During its regular April meeting, the Watertown-Mayer School Board emphasized that in appointing a new member, it would be important to find somebody with a trait, skill, or quality that the board didn’t already possess.
The board certainly got what it hoped for last week in the four candidates that ultimately interviewed for the seat vacated by Therese Salonek’s resignation, with each candidate offering a unique and desirable perspective. At one point during deliberations, current board member Steve Burns even noted that the board “could throw all four names in a bucket, pick one, and not have any issues.”
Jerry Bruner, a politically active retiree with no children in the district, offered connections to a demographic with which the board has long sought to better connect.
Erin Blair, a young stay-at-home mom who was the top-voter not to be elected in last fall’s election, offered ties to the primary school and Early Childhood Family Education that the board will soon be lacking as the current members’ children grow older.
Julie Sweeney, a longtime Cargill employee, offered a strong financial background and experience on budgets as large as $350 million.
But in the end, Jeff Jackson offered the school board something none of the other candidates could. He lives in Mayer.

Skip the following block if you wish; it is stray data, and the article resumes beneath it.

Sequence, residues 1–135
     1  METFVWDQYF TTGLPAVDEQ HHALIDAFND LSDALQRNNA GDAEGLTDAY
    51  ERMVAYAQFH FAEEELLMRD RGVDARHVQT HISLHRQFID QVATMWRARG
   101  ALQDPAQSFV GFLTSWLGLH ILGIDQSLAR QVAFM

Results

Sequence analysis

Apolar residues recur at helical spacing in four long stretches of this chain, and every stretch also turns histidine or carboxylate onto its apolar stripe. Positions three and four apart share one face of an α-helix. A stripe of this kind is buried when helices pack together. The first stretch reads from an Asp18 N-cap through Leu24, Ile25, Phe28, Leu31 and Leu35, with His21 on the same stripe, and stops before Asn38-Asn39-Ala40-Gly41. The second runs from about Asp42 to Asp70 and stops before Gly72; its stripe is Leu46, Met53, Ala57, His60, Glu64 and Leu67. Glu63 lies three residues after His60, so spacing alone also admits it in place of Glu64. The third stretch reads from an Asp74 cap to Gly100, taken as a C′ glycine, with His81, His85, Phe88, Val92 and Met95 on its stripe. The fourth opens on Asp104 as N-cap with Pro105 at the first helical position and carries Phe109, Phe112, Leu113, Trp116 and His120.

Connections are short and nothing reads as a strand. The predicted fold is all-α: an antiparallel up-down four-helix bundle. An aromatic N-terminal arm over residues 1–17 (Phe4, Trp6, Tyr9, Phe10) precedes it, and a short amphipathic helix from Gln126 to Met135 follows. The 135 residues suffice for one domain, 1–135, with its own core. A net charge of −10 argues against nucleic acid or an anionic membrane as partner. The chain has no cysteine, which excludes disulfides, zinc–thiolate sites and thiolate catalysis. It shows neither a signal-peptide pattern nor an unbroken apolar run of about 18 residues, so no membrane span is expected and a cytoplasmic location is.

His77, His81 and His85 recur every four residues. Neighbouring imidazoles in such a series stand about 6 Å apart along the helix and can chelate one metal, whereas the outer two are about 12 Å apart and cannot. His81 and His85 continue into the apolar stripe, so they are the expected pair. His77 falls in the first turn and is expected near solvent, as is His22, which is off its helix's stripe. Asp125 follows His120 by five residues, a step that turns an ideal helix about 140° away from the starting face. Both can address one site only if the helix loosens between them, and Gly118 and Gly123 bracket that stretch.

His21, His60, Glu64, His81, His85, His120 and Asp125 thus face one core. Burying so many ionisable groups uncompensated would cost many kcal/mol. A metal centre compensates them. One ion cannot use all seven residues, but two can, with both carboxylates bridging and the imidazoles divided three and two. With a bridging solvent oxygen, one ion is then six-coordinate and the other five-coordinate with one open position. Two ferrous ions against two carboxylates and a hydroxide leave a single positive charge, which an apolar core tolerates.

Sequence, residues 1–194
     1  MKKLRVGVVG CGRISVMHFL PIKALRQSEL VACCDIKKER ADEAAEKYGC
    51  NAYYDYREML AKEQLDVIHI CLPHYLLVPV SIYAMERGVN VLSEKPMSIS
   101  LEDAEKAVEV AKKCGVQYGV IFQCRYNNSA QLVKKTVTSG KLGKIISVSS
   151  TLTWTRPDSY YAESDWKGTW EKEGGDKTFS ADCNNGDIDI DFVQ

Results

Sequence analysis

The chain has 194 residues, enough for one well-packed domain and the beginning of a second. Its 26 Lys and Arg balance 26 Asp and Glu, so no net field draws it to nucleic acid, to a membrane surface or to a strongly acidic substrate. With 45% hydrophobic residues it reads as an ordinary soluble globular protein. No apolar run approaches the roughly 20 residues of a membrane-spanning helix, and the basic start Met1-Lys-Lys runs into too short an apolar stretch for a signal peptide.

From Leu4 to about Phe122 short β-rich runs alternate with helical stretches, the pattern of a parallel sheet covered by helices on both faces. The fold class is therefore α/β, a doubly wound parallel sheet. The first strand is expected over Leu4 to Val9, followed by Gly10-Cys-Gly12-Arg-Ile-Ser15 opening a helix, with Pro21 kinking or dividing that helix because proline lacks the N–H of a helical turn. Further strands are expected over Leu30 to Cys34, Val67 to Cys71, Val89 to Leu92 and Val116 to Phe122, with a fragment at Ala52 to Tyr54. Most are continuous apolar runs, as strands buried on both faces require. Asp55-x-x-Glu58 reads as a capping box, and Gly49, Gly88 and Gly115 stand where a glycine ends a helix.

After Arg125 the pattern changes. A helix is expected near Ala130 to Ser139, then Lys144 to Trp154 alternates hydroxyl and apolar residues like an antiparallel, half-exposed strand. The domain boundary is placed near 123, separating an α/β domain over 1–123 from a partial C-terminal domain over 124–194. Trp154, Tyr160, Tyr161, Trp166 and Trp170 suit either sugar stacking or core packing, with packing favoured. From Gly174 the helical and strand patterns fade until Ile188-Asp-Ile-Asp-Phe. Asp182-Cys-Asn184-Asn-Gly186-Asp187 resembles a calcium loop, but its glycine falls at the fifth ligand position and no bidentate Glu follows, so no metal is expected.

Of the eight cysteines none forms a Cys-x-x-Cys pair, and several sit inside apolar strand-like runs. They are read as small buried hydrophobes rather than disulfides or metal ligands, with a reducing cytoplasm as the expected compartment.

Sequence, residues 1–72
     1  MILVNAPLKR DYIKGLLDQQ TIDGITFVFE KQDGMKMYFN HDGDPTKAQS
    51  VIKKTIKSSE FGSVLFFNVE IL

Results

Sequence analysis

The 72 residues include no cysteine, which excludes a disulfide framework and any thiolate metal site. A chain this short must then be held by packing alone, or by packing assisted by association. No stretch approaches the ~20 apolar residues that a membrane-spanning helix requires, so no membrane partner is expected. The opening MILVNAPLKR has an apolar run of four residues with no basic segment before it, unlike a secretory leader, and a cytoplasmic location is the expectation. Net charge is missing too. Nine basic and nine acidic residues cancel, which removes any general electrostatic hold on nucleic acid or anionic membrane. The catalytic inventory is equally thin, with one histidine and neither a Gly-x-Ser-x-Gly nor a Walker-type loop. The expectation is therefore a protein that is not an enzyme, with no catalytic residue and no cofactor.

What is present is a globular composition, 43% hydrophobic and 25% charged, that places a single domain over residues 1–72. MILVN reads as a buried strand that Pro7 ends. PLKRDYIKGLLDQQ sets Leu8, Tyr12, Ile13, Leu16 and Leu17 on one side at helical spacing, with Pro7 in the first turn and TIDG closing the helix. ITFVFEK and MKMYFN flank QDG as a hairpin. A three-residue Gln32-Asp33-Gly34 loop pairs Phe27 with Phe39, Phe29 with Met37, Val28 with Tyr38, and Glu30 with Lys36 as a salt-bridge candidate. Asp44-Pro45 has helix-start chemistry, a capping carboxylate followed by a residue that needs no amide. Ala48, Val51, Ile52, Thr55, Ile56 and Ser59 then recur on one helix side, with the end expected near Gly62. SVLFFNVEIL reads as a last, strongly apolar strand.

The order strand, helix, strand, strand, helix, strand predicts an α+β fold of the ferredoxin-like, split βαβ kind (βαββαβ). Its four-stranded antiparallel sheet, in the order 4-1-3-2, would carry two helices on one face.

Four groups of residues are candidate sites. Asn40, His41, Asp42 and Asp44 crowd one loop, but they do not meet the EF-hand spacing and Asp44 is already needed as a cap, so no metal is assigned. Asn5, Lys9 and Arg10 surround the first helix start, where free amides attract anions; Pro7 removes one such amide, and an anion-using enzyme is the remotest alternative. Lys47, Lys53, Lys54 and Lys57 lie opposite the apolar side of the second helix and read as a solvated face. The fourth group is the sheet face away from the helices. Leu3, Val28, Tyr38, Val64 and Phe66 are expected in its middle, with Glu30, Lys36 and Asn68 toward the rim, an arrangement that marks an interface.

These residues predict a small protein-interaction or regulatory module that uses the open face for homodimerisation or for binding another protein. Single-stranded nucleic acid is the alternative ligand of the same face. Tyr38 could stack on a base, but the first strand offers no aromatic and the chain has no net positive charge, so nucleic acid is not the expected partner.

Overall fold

“I’m definitely excited about the possibility to connect with Mayer more,” current board member Jennifer Janikula said during deliberations. “Especially his experience with the (Mayer) Fire Department shows that he’s already interested in being a big part of the community and connecting with the people in the community.”
Prior to officially appointing Jackson to fill the vacant seat, Tim Thompson was the only board member that lives in Mayer. He too, said he felt it was important to have better representation from that city.
“That was one of the things I had mentioned at our board meeting a couple of weeks ago,” Thompson said. “I had said that I felt it was important to have a presence, or more of a presence, in Mayer.”
Indeed, a better relationship with Mayer residents is something the district has long sought. During his interview, Jackson noted a feeling of being left out that he said many residents in Mayer feel, given that none of the district’s schools are located in that city, and that the new elementary school was built in the part of Watertown furthest from the city of Mayer, instead of on the south end of Watertown, nearer to Mayer.